by Rachel Smith
29 September 2021
Originally published in 2018
Financial experts suggest having at least a three-month buffer saved up before you go freelance can help when you’re getting established. That said, not everything goes to plan and you might be starting with zero buffer (I did, after the whole content department I worked in was made redundant, forcing me into the freelance market).
If you can negotiate any kind of regular freelance work from your employer, I would start thinking about doing that before you jump ship. You might also want to read this article about what you need to consider before going freelance. Also, have a think about whether you’re cut out to freelance at all! (Some people just aren’t.)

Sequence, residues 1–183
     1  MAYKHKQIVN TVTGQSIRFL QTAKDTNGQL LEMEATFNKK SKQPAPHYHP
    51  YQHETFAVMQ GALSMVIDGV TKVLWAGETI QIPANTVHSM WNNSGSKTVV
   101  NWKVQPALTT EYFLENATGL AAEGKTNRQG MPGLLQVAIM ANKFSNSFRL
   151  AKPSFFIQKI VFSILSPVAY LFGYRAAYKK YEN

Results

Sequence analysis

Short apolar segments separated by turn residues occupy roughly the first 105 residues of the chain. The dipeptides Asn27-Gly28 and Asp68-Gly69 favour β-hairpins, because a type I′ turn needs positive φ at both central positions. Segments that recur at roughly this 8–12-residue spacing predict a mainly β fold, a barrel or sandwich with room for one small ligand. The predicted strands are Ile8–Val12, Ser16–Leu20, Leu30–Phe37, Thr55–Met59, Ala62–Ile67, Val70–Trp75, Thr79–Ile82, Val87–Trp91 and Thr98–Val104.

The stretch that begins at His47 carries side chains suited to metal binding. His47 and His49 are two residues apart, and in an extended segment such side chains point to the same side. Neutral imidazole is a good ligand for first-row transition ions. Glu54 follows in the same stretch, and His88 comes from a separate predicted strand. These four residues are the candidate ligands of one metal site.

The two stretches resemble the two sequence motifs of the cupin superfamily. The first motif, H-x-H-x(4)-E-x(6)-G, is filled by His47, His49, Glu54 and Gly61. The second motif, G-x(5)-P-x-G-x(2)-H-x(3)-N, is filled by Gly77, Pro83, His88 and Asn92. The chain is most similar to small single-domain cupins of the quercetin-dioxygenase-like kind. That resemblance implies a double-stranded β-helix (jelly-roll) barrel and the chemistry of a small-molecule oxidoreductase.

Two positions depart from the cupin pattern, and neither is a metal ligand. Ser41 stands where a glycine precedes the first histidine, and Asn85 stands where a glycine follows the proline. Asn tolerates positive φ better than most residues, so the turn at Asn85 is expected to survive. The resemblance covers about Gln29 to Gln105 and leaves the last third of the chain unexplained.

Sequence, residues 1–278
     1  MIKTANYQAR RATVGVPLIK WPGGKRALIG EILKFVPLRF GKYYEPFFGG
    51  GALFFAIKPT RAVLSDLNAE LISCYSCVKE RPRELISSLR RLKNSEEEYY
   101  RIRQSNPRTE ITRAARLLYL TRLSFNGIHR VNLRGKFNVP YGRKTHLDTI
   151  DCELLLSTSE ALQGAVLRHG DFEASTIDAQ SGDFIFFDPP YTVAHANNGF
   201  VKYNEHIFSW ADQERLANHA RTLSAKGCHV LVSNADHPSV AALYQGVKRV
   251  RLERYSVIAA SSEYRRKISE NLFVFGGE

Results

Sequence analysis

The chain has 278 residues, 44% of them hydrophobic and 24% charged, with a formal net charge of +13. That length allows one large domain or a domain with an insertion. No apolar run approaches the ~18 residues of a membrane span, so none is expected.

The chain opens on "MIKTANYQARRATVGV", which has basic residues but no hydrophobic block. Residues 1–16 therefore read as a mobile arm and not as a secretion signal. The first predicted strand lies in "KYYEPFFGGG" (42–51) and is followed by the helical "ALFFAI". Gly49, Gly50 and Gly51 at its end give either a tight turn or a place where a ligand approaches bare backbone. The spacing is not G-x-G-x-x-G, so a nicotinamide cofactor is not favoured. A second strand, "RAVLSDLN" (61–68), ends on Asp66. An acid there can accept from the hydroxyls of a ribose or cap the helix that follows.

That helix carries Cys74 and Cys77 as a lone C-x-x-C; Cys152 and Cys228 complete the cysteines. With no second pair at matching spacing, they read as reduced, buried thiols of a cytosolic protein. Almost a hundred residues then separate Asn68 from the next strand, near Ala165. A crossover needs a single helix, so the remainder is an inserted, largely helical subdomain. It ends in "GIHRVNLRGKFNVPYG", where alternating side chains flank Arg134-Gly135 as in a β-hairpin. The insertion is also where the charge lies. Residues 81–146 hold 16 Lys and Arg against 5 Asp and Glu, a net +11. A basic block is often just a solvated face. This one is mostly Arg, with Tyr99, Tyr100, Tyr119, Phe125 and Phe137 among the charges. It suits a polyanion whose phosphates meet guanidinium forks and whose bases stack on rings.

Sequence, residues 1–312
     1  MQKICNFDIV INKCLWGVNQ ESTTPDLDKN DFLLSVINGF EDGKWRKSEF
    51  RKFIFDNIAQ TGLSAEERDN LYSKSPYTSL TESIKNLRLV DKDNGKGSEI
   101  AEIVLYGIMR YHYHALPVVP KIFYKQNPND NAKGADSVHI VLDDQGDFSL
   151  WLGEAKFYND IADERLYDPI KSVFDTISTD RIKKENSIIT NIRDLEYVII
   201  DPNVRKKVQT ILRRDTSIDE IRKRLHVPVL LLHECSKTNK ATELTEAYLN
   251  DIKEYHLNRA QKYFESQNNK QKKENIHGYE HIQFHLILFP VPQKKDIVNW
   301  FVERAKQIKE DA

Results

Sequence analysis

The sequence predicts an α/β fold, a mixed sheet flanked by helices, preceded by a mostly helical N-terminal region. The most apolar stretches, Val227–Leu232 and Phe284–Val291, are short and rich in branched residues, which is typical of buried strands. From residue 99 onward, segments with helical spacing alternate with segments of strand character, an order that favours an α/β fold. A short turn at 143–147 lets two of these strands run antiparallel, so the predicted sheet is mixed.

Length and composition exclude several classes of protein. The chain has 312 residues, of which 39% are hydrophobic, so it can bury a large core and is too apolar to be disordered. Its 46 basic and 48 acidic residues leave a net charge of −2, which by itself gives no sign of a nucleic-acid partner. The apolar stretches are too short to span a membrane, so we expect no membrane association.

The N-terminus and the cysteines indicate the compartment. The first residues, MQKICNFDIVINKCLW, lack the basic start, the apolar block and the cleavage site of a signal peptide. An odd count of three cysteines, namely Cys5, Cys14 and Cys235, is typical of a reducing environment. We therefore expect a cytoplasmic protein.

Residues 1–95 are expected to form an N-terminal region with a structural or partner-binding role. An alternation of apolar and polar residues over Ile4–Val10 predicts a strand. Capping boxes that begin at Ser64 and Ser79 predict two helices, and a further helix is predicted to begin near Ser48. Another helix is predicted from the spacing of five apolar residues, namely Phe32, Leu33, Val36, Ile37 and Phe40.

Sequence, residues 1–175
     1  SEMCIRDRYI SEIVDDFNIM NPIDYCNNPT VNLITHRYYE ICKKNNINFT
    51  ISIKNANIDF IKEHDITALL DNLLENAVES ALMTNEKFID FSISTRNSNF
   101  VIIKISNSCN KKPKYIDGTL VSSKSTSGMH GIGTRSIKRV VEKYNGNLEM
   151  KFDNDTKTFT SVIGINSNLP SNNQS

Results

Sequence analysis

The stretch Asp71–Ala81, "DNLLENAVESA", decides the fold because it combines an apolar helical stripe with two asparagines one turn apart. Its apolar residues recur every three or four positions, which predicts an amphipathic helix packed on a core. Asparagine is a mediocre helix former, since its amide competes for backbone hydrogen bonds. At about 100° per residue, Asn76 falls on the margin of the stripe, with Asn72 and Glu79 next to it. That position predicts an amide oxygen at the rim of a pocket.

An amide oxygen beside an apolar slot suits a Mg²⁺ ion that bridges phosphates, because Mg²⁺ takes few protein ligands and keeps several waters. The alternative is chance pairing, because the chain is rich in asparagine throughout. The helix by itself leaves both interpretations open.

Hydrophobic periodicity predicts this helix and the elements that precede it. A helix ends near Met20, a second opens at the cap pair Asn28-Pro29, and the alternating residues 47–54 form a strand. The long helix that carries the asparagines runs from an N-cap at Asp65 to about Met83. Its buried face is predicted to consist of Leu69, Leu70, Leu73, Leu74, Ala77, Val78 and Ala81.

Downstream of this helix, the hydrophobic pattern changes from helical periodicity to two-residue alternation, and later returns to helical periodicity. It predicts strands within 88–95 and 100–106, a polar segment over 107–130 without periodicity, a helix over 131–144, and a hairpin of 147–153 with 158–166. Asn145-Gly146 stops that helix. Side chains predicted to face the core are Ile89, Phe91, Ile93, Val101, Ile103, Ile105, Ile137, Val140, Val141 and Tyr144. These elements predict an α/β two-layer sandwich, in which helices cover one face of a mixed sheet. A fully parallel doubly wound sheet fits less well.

In terms of working out your hourly rate, these hourly rate calculators will be really useful. We also find this calculator from finder.com.au makes it relatively easy to work out, depending on your business and personal expenses, billable hours and other things to account for.
Did you start freelancing with a savings buffer? And how do you work out your hourly rate? If you’re still in a spin about what to charge, perhaps our free-to-download Pay Rates Report can steer you in the right direction!